By Edward Mukaro
THE Zimbabwe Congress of Trade Unions (ZCTU) has called for a calculated and informed approach in as far as the reopening of schools is concerned, amid fears of exposing students and frontline personnel to the Covid-19 scourge.
There has been a lot of talk surrounding government’s intentions to strategically reopen education institutions namely, universities, primary and high schools, amid Phase 2 of the national lockdown, called by Government to curb the spread of Covid-19.
According to information obtained by The BusinessConnect from the ministry of information and broadcasting services, the ministry of education is currently making roadshows in communities informing citizens of government’s plans, while also getting the people’s view on the intended plans to reopen schools.
Speaking to The BusinessConnect in an interview, ZCTU secretary general Japhet Mutasa opined that it will be ill-timed for government to reopen classroom doors for teachers and pupils, as social distancing among school children cannot be guaranteed and the fact that healthwise, children are not supposed to wear face masks for longer periods.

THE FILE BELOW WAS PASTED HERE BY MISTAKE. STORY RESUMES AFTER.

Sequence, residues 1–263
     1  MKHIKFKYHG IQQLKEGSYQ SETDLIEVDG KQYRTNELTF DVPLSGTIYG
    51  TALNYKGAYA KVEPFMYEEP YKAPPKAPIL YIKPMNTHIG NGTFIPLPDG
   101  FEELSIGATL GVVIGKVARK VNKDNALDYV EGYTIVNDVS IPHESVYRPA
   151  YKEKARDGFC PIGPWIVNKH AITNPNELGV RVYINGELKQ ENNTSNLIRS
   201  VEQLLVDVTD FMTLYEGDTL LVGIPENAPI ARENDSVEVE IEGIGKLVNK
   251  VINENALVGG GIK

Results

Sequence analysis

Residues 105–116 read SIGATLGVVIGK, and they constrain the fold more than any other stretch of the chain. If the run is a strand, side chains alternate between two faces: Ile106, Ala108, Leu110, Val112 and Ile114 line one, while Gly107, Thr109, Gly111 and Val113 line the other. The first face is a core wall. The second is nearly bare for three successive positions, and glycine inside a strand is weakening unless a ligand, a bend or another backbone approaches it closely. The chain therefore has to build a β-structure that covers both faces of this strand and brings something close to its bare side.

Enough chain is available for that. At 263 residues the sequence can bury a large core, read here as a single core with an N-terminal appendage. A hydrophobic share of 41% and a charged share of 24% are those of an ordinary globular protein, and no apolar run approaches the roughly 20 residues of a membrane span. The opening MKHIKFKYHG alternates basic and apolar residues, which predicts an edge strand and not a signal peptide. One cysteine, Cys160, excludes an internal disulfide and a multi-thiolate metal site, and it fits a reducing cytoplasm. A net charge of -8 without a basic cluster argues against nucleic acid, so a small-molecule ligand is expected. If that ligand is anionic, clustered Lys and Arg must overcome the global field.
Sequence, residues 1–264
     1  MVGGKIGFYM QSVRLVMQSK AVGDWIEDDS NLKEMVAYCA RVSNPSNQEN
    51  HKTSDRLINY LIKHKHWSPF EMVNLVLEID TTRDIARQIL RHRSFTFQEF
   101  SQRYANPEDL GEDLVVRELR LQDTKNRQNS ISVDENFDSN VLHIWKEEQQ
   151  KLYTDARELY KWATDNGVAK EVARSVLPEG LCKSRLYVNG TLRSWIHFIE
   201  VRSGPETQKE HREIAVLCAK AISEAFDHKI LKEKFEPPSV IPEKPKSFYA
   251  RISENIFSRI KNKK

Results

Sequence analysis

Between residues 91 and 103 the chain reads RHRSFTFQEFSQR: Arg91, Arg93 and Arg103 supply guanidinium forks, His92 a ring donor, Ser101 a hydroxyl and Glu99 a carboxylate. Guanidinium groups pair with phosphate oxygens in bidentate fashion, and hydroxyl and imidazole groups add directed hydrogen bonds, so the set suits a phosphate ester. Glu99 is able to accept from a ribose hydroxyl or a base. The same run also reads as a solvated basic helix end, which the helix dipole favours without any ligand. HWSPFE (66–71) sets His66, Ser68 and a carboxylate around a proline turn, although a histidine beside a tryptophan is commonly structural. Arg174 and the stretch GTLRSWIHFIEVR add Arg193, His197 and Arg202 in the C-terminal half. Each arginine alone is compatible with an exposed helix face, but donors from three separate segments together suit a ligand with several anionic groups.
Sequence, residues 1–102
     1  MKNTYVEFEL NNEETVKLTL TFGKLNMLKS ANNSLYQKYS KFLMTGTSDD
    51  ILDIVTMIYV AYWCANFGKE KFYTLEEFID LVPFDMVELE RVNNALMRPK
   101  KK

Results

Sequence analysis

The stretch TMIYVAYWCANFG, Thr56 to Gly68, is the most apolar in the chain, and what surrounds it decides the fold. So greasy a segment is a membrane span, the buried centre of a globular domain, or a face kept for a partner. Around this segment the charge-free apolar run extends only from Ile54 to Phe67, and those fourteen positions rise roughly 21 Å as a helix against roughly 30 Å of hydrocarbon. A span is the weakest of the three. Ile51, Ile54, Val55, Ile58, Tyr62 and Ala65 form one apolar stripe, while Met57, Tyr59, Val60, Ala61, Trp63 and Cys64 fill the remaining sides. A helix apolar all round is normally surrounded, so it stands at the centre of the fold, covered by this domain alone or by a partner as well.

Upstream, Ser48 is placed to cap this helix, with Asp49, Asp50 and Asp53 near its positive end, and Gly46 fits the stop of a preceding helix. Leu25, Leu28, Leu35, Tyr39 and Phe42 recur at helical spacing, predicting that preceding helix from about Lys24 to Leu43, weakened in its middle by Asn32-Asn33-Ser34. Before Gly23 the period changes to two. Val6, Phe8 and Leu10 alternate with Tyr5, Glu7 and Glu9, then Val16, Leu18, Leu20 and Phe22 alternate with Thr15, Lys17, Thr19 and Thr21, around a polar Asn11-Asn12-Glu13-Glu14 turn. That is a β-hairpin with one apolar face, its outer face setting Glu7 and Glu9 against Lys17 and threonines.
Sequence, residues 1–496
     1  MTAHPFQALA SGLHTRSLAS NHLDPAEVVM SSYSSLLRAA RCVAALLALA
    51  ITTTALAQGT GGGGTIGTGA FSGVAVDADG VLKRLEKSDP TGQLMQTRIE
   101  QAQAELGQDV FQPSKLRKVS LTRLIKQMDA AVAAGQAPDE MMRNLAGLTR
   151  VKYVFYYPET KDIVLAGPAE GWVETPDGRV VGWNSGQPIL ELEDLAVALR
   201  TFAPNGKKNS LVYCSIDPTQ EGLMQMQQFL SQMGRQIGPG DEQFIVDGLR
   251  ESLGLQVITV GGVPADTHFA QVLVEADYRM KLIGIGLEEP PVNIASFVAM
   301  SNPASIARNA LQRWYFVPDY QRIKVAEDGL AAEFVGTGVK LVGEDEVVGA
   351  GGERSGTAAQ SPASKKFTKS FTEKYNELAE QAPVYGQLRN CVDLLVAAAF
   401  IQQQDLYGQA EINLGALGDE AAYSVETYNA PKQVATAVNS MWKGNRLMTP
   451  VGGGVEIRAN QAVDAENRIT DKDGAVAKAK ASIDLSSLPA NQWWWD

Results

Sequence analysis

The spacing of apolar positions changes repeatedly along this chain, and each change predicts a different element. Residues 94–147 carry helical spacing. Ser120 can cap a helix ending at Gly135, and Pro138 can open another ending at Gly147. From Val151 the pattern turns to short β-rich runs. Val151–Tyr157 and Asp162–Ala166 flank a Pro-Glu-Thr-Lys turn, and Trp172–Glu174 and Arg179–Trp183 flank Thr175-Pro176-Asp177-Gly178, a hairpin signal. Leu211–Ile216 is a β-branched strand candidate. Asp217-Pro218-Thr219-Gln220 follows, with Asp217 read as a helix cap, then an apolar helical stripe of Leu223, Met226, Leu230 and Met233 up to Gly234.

“Experts have already advised that kids should stay at home because they should not be subjected to masks for long periods. Opening schools at the moment when kids are not guaranteed social distancing and no clear protocols put in place would be disastrous.
“Some of the schools are being used as quarantine centers at the moment and have not been disinfected. Therefore, we do believe schools should not open at the moment until government put safety measures in place and have resources to remunerate risk allowances for all frontline personnel.
Commenting on the issue of whether government will be able to pay risk allowance to frontline workers in the education sector, in this case, teachers, Mutasa said its most likely government will not be offering any risk allowance, since its failing to adequately remunerate health workers, some of whom do not even have adequate personal protective equipment (PPE).
“Government is failing to pay a living wage to its workers and Covid-19 allowances for all the teachers would be asking for the impossible.
“Frontline workers in the health sector are inadequately remunerated at the moment and work without adequate PPE,” he added.
By Edward Mukaro